One of the victims lost Ă‚Â their BMW, the keys were taken & the motor scarfed off the drive before anyone woke up, the prime method for stealing good quality cars these days. One had some minor window damage in an attempt to force it & the third was an elderly couple who didn’t lose too much, but they made a bit of a mess in searching for not much.
When the imediates came in through the shift the burglaries kept getting put on hold. It meant we didn’t get to the first until 5 hours after it was reported, the second & third didn’t get dealt with on our shift at all & we passed them on to the next.
Those who pretend to care what people think say we are putting the public first, they are the same ones telling officers to ignore the public to get the arrest figures up. They don;t actually say this but this is the effect of what they are doing. The victims have no influence, it doesn’t matter if they ring up & say they reported a burglary 3 hours earlier & when are we going to get there.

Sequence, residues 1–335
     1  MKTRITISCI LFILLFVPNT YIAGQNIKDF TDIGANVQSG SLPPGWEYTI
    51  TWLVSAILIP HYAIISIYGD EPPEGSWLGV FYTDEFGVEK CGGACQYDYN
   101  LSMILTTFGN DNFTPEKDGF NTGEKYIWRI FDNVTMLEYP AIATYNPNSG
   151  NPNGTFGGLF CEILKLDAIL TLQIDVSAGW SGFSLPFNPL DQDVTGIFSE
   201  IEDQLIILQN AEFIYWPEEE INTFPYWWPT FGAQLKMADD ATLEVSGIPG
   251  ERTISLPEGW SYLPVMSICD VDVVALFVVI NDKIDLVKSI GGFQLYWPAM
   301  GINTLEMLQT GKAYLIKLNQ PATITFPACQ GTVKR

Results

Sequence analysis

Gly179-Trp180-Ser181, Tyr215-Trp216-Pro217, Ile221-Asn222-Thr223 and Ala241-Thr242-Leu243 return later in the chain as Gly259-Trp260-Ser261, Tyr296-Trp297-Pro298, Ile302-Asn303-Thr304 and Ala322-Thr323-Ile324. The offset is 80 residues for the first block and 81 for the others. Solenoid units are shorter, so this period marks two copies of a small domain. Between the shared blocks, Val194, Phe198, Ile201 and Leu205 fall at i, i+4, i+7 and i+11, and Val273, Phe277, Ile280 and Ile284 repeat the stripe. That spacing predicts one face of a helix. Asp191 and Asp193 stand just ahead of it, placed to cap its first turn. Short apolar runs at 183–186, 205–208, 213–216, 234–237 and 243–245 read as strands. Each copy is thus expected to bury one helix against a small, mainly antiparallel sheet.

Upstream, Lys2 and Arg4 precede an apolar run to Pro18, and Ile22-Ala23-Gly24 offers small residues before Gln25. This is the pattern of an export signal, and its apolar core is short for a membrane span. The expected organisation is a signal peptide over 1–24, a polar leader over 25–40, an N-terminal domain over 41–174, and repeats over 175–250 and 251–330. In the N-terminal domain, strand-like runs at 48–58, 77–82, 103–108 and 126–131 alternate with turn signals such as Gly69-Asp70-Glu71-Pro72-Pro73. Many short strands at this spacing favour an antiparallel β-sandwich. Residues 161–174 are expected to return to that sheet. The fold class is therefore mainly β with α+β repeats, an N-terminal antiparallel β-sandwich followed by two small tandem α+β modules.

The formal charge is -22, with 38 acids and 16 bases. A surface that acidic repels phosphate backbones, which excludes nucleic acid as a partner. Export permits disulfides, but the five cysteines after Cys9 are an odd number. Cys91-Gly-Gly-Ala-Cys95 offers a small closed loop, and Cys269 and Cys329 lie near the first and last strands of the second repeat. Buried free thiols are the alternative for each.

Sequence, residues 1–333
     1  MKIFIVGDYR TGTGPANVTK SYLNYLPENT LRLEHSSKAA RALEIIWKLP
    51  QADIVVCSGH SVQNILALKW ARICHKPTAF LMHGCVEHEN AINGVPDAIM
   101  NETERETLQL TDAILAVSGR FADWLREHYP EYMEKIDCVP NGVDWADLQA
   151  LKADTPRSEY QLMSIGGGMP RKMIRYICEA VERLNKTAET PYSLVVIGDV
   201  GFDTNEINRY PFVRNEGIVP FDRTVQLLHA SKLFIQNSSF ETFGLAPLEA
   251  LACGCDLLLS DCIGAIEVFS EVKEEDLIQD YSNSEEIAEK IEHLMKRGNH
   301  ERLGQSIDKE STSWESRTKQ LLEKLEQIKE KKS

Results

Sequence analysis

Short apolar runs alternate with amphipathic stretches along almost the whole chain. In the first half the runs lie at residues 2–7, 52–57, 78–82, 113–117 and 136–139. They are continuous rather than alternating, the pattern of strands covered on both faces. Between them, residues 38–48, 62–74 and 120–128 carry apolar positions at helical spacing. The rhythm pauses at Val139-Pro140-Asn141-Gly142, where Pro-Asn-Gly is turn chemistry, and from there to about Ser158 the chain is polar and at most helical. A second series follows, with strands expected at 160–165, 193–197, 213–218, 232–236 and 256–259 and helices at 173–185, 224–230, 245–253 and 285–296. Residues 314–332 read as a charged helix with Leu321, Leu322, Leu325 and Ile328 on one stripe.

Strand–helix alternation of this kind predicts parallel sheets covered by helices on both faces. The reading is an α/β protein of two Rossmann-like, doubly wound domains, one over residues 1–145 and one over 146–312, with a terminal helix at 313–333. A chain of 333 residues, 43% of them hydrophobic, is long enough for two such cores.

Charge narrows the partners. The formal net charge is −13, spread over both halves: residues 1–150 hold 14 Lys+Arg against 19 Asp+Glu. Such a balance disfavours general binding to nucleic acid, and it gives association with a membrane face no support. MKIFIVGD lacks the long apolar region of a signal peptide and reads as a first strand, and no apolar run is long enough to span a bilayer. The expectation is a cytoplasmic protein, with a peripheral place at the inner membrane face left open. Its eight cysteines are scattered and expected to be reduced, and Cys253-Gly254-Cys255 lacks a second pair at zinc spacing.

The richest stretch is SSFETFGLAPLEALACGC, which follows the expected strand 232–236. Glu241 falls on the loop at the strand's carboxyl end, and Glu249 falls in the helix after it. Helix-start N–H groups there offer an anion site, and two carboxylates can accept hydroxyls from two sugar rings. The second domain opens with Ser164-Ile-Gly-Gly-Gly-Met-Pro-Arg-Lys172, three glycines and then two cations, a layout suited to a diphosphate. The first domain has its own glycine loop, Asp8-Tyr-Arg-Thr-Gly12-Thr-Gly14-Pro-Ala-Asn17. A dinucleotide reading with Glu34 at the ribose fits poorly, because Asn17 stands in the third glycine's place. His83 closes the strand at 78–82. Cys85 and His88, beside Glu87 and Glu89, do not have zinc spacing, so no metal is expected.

Meanwhile, someone with a bit of influence Ă‚Â had a private letter copied & sent to some journalist, I think someone’s pride was hurt, or something. He managed to get 30 officers turning over the suspect’s offices.
It was instigated in 2004 as a way of remembering & honouring British police officers who have died in the line of duty. Today’s memorial was held in Belfast & was attended by hundreds of friends & relatives of those killed, together with the Home Secretary, Theresa May.
The Police Roll of Honour shows 5 officers who died on duty in 2010, all of whom died in road traffic collisions.